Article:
easyJet’s computer systems hacked

North West customers of easyJet could be at risk following a security breach of the company’s computer systems.

The carrier revealed that it had been the target of an attack “from a highly-sophisticated source” and warned customers email address and travel details of around nine million customers had been accessed including the credit card details of 2,208 customers.

The airline is an established operation in the North West, with 86 routes out of Manchester Airport, and 31 from Liverpool John Lennon Airport.

It said as soon as it became aware of the hack it took immediate steps to respond to, and manage, the incident, and engaged leading forensic experts to investigate the issue.

It has also notified the National Cyber Security Centre and the Information Commissioner’s Office (ICO), adding: “We have closed off this unauthorised access”.

The airline said it will contact the affected customers in the next few days: “If you are not contacted then your information has not been accessed.”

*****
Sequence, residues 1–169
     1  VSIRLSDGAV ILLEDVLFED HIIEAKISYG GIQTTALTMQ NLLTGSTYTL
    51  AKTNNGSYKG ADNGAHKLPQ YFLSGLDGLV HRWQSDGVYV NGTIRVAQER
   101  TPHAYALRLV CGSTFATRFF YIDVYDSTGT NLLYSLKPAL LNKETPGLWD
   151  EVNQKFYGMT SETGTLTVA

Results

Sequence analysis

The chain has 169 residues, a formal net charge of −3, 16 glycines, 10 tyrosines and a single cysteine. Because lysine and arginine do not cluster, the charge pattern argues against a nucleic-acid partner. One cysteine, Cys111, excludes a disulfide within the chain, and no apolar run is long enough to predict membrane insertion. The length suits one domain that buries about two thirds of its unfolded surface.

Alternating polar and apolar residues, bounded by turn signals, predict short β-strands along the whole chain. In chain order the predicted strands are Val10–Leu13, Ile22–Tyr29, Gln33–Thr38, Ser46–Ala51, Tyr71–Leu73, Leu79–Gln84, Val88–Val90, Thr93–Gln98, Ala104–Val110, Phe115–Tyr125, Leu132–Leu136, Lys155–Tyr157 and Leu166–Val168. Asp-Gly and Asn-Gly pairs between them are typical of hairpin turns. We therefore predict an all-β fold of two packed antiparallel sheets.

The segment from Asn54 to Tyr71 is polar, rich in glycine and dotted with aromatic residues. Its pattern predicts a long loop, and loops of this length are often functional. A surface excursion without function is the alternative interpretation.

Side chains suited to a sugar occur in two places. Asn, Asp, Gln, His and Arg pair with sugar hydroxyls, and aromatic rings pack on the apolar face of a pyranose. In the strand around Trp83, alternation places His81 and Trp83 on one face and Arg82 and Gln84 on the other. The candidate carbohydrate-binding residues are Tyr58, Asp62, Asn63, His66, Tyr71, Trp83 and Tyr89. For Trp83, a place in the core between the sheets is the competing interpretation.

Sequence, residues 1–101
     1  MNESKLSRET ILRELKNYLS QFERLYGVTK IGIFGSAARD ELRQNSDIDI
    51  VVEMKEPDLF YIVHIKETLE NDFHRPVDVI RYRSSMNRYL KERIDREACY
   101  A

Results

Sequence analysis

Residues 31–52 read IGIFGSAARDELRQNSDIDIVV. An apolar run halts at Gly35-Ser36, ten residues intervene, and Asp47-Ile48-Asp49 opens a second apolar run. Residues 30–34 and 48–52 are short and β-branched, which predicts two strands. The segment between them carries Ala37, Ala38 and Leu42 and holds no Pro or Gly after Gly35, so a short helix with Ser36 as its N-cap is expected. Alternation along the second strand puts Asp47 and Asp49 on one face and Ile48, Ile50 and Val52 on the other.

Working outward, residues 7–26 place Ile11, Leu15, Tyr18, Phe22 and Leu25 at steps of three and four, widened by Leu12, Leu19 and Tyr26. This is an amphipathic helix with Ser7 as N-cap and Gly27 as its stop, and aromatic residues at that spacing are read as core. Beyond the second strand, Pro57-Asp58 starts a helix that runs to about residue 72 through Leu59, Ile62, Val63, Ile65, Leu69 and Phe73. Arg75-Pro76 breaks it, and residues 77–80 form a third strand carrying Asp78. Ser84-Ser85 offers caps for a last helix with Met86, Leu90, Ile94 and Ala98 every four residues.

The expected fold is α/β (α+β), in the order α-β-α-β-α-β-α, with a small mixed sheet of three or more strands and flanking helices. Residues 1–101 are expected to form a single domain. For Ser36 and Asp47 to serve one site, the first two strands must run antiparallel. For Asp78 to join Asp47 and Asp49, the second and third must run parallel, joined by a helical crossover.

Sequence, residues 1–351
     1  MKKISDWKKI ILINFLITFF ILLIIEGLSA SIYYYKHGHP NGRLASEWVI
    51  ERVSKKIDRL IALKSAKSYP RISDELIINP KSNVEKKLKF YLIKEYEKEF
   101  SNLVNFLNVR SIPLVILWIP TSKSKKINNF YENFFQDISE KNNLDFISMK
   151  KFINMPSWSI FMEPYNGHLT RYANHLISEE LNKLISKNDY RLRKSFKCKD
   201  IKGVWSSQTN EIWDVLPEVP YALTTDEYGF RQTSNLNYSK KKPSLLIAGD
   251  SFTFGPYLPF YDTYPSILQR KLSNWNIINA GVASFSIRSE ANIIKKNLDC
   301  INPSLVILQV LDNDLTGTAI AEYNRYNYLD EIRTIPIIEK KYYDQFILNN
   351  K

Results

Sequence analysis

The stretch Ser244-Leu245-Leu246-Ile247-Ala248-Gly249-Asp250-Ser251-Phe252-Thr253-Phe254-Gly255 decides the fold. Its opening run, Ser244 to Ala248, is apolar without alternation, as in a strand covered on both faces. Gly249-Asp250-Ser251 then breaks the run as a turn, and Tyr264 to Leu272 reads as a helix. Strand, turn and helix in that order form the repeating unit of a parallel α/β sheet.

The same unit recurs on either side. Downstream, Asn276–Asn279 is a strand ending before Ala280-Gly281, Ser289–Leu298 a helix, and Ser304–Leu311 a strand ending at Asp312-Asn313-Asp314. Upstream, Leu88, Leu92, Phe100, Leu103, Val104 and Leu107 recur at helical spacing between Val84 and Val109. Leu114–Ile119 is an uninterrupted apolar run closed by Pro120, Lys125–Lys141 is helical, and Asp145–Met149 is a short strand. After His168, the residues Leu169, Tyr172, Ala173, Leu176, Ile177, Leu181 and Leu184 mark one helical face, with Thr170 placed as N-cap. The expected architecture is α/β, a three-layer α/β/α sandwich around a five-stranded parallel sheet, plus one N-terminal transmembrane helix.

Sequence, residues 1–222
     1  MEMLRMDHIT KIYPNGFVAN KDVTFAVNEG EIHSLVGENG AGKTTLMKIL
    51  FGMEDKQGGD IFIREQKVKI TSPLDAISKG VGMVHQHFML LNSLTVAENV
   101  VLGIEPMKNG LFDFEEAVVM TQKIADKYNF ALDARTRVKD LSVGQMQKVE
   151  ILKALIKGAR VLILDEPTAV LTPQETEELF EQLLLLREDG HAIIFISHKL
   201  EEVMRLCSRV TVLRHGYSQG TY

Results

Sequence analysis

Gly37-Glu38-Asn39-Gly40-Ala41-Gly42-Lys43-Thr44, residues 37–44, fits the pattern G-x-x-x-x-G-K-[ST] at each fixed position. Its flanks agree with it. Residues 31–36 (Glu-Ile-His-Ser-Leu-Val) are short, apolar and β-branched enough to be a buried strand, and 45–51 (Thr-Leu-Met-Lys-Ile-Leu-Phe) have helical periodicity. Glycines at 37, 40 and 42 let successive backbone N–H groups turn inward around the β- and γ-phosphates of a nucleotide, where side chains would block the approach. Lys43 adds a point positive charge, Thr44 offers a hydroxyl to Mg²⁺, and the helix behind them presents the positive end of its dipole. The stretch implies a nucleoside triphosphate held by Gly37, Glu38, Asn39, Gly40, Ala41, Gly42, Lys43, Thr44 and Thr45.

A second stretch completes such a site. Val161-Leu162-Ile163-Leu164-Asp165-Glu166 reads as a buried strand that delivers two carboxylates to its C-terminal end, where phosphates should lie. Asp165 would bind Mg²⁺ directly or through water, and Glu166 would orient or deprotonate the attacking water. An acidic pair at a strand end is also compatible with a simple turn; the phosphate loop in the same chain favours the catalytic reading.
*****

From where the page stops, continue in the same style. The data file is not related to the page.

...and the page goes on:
It said passport details and credit card details of these customers were not accessed.

People who had their credit card details accessed are being contacted and offered support.

The airline said: “We’re sorry that this has happened, and we would like to reassure customers that we take the safety and security of their information very seriously.”

Chief executive, Johan Lundgren, added: “We take the cyber security of our systems very seriously and have robust security measures in place to protect our customers’ personal information. However, this is an evolving threat as cyber attackers get ever more sophisticated.

“Since we became aware of the incident, it has become clear that owing to COVID-19 there is heightened concern about personal data being used for online scams.

“As a result, and on the recommendation of the ICO, we are contacting those customers whose travel information was accessed and we are advising them to be extra vigilant, particularly if they receive unsolicited communications.

“Every business must continue to stay agile to stay ahead of the threat. We will continue to invest in protecting our customers, our systems, and our data.

“We would like to apologise to those customers who have been affected by this incident.”

Ed: If you’re an easyJet customer it’s suggested you immediately change your password and user names.

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